Can you notice the clear relationship between the two? While their vision statement mentions what they want to be in the future (Earth’s most customer centric company), their mission statement explains what they would be doing in the present (offer customers the lowest possible prices, best selection and utmost convenience) to achieve that vision.
Now that we are clear about the difference, let’s move on to how you could formulate your own vision statement.
What is the process of writing the perfect vision statement?
While not every company would have followed this process to get to a well-known vision statement, there are some steps that remain the same.
You could follow this exact process or tweak it to suit your requirements.
Step 1: Define what your company does
This isn’t as easy as saying, ‘My company makes softwares or provides peanut butter’. It’s going deep and figuring out why your company exists.
Instead of thinking about the output, think about the outcome. While the output would be a software solution, your outcome would be a solution that makes small businesses happy because it’s affordable and customized according to their needs.
Let’s take another example. If you are a manufacturer of peanut butter, your output could be different types of peanut butters. Your outcome would be helping people stay healthy by adding more protein and minerals in their diet.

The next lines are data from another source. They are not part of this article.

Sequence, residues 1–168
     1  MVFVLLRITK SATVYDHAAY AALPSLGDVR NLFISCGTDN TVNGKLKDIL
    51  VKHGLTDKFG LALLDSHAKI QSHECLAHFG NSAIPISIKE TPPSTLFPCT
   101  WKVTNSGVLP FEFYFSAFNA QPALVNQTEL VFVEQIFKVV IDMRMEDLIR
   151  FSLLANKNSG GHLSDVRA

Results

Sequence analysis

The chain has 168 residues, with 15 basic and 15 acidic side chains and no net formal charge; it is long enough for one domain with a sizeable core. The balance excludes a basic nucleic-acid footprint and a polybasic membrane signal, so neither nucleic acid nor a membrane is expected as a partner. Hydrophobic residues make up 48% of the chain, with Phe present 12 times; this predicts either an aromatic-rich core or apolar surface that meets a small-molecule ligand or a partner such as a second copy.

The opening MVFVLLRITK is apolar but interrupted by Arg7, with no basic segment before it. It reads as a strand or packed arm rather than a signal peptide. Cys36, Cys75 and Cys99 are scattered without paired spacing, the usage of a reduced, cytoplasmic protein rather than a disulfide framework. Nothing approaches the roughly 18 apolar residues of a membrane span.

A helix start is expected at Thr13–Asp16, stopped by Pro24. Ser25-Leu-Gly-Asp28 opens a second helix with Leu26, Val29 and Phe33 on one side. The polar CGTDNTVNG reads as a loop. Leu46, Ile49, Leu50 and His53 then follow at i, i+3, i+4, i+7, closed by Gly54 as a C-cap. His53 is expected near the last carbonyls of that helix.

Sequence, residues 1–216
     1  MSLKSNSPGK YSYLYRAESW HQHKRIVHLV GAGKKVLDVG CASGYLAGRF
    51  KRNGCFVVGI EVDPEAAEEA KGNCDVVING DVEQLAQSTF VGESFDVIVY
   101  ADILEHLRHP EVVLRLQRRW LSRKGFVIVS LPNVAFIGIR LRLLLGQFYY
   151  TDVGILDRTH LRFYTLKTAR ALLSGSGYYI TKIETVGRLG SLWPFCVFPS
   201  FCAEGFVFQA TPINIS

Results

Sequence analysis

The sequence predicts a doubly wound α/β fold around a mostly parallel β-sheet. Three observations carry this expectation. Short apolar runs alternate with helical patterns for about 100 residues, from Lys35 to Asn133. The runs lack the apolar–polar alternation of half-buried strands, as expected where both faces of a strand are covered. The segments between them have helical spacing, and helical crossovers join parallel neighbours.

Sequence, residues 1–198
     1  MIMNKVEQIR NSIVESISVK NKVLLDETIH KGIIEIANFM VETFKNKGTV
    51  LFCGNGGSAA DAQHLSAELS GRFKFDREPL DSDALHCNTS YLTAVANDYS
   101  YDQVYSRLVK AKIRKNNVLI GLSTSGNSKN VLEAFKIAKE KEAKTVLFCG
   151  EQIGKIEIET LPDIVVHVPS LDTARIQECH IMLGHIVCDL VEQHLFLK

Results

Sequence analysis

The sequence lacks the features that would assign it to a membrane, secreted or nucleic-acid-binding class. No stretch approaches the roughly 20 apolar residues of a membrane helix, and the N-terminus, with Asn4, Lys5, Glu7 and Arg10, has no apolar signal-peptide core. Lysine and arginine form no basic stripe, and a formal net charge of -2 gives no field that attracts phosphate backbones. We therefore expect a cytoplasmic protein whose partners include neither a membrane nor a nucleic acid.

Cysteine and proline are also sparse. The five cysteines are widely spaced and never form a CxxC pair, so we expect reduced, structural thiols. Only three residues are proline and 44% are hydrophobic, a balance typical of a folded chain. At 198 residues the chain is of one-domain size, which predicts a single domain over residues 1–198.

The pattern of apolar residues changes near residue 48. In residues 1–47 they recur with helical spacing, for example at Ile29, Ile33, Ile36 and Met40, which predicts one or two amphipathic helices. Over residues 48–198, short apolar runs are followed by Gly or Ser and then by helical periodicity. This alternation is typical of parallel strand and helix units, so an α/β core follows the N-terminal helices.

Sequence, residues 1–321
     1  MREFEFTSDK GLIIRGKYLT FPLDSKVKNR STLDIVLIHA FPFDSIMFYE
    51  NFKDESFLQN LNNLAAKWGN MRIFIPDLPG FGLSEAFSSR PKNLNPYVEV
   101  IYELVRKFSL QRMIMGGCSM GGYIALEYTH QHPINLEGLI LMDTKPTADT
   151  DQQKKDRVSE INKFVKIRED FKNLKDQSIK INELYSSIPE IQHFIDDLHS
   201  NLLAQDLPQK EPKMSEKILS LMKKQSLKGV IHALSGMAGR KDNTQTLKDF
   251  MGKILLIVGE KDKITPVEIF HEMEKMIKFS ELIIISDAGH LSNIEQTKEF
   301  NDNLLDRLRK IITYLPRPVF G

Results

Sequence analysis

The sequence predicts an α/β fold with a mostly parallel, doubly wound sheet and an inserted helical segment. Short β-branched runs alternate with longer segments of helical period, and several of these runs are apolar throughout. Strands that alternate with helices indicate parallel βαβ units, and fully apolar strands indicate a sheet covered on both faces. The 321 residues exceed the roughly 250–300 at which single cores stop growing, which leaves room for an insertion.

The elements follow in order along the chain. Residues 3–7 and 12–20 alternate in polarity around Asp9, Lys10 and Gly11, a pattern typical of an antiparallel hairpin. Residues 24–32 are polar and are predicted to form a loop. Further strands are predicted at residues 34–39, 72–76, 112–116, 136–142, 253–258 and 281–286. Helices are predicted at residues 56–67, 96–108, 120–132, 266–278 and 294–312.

While this does not help you differentiate from the other companies in your industry, it’s a good starting point to give you an idea of what your company vision would look like.
Step 2: Define the company goals and values
Go ahead and write down the goals you have for the company. Answer questions such as, ‘In what way would I like my brand to impact the community/world?’, ‘Where would I like my company to be?’
The goals that you come up with will ultimately reflect in your vision statement. Let’s again take the example of a peanut butter manufacturer. Considering you are a local brand, you came up with a goal that you want your customers to love your product so much that after the first try, they become brand loyal.
Putting this in mind, your vision could be something like this, ‘Making peanut butter so tasty and nutritious that it puts a smile on every customer’s face’
Defining your company’s values helps set the tone of your vision statement. Your company's values should be something that highlights the behaviours and characteristics you hold ideal. It could be anything from honesty, integrity, sustainability, innovation, etc.
Take Apple’s vision statement as an example.
‘We believe we are on the face of the Earth to make great products and that’s not changing’
Essentially, this vision talks about one value they hold supreme above everything else and that is innovation.
Step 3: Define how your company is different from the rest
Gone are the days when you were a first mover in your industry. These days, the new products and services that are coming up are extensions or just modifications of the ones that are already there in the market.
In fact, it might be the case that when you started the company, there were already 5-7 competitors out there. But what made you start anyway? What different thing you were going to bring to the table that your competitors couldn’t?
Whatever be that thing, it becomes your company’s USP (Unique Selling Point).
Take MVMT’s simple and crisp vision statement as an example.